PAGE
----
But the promise of that day hasn’t really been met. We’ve talked about how ultimately disappointing it has been, and how she learned so much more at her old school (and will again; she’ll be going back for eighth grade). She’s not unhappy we came to Mongolia because, as she says, “I might never have worked so hard on my drawing in California.” She has filled many sketch books, and she got an art tablet for Christmas that she uses every day. And she has a good, go-with-the-flow approach to life that has really helped a lot.
But our experience has got me thinking about the whole “expat” existence for kids. Certainly, it can be great. A lot of her friends have moved around a fair amount and gotten to see a lot of the world. On the other hand, it depends on how it’s done. Many of these kids are extremely sheltered. They move from one IB school to another, with roughly similar experiences, similar student bodies, and similar international teachers, all part of the cosmopolitan elite that it’s hard not to fall in with when you live in another country. They sit around talking about how dangerous Mongolia is and how they are not allowed to go anywhere or do anything by themselves. As Emma has pointed out to me, every time we are out on our daily walks we see little Mongolian children out and about by themselves, running errands or just moving through the streets, sometimes in packs, sometimes on their own. Just yesterday we saw two kids walking together down a major street who couldn’t have been older than five. No city the size of Ulaanbaatar (around 1.3 million) is completely safe, but compared to some other places I’ve lived, I really don’t worry about security much here.
We’ve met some very nice people through her school. Or, I should say, Emma has. I don’t spend a lot of time there, since she goes to school on her own by taxi, but the people I have met have been very nice. She has made a couple of Mongolian friends, though most of her closest friends are international students. There have been a couple of new arrivals during the school year, and one sad departure, when one of her original posse of four, a girl from South Korea who’d been in Mongolia for a while, moved to the Emirates in February. That has also got me thinking about how kids get carted around by their parents, coming and going part way through the school year, having to suddenly make friends and adjust to a new school when the social and academic patterns have been more or less established.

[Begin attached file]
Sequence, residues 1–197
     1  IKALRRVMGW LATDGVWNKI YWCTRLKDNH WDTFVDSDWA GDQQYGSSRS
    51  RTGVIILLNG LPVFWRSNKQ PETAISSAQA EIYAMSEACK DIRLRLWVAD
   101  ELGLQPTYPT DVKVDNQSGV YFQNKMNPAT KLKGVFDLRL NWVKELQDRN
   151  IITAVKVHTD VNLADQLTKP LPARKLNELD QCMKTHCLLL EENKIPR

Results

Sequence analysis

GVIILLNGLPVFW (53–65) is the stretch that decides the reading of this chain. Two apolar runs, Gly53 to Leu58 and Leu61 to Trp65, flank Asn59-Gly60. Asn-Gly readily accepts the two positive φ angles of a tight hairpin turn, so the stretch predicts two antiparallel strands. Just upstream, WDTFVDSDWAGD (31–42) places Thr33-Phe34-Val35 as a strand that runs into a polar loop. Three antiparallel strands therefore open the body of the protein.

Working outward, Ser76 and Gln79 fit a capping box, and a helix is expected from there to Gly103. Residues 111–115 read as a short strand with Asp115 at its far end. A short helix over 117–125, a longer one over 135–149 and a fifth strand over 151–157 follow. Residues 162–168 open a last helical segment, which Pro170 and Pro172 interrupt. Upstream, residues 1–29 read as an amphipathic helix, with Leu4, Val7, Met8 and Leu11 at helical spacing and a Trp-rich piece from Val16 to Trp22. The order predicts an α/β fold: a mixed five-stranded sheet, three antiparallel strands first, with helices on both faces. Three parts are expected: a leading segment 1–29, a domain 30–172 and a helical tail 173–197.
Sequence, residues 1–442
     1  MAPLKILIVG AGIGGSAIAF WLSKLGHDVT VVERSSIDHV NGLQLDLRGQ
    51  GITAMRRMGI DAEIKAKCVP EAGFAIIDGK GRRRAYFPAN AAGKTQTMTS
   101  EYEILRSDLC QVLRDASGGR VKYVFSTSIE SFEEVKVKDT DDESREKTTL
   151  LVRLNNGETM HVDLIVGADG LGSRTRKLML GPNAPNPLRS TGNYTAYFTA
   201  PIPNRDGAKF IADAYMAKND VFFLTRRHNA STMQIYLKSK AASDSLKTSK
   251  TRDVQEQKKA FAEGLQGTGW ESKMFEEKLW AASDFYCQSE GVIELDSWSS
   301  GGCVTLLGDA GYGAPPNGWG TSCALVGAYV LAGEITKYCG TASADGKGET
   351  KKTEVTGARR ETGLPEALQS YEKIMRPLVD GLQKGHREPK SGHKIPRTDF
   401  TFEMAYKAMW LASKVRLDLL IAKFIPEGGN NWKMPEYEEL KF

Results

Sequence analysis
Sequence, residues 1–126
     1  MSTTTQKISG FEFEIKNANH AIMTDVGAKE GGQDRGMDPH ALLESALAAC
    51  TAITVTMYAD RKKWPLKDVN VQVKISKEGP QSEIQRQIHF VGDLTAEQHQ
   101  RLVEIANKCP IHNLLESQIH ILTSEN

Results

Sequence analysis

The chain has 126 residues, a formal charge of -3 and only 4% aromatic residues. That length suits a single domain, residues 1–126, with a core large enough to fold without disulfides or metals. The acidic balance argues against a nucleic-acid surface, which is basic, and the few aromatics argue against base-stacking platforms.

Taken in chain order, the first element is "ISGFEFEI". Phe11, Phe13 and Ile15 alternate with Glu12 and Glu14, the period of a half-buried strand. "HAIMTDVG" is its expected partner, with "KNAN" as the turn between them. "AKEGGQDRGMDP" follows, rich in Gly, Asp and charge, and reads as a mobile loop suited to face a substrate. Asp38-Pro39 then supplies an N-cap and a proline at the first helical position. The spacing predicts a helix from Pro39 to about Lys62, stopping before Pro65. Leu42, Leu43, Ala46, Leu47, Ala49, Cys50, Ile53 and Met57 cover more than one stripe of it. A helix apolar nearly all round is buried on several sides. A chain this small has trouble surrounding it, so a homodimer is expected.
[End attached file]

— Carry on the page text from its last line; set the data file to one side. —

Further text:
Perhaps this is what makes international schools a rather insular, closed environment. They need to be similar so kids can slip in and slip out without too much disruption, and they are made up of communities of fairly similar people. Many of Emma’s teachers assumed I worked for the US embassy, because so many of the parents there work for embassies and consulates. One of her teachers, who learned that I taught at a university here, was surprised, saying, “What kind of person takes a job teaching at a university for only one year?” Emma’s response was, “My mom does!” But we also weren’t sure it would only be for one year. It has just worked out that way.
We are not living in the expat bubble that a lot of Emma’s friends are living in, either. We are in a different kind of bubble, on the MIU campus, kind of far from her school and her friends, who are all on the other side of town. We live in a university dormitory with a couple of hundred students and some other faculty, mostly Korean. We interact with more Mongolians on a daily basis than most of the kids at her school probably do (except for the Mongolian ones, of course), so that’s been good. But she hasn’t really felt like becoming a part of any community other than her school, and even then she is happy to get home at the end of the day. She’ll be even happier when we go back to California, though we have started to talk about what she will miss. (Her friends, mainly.)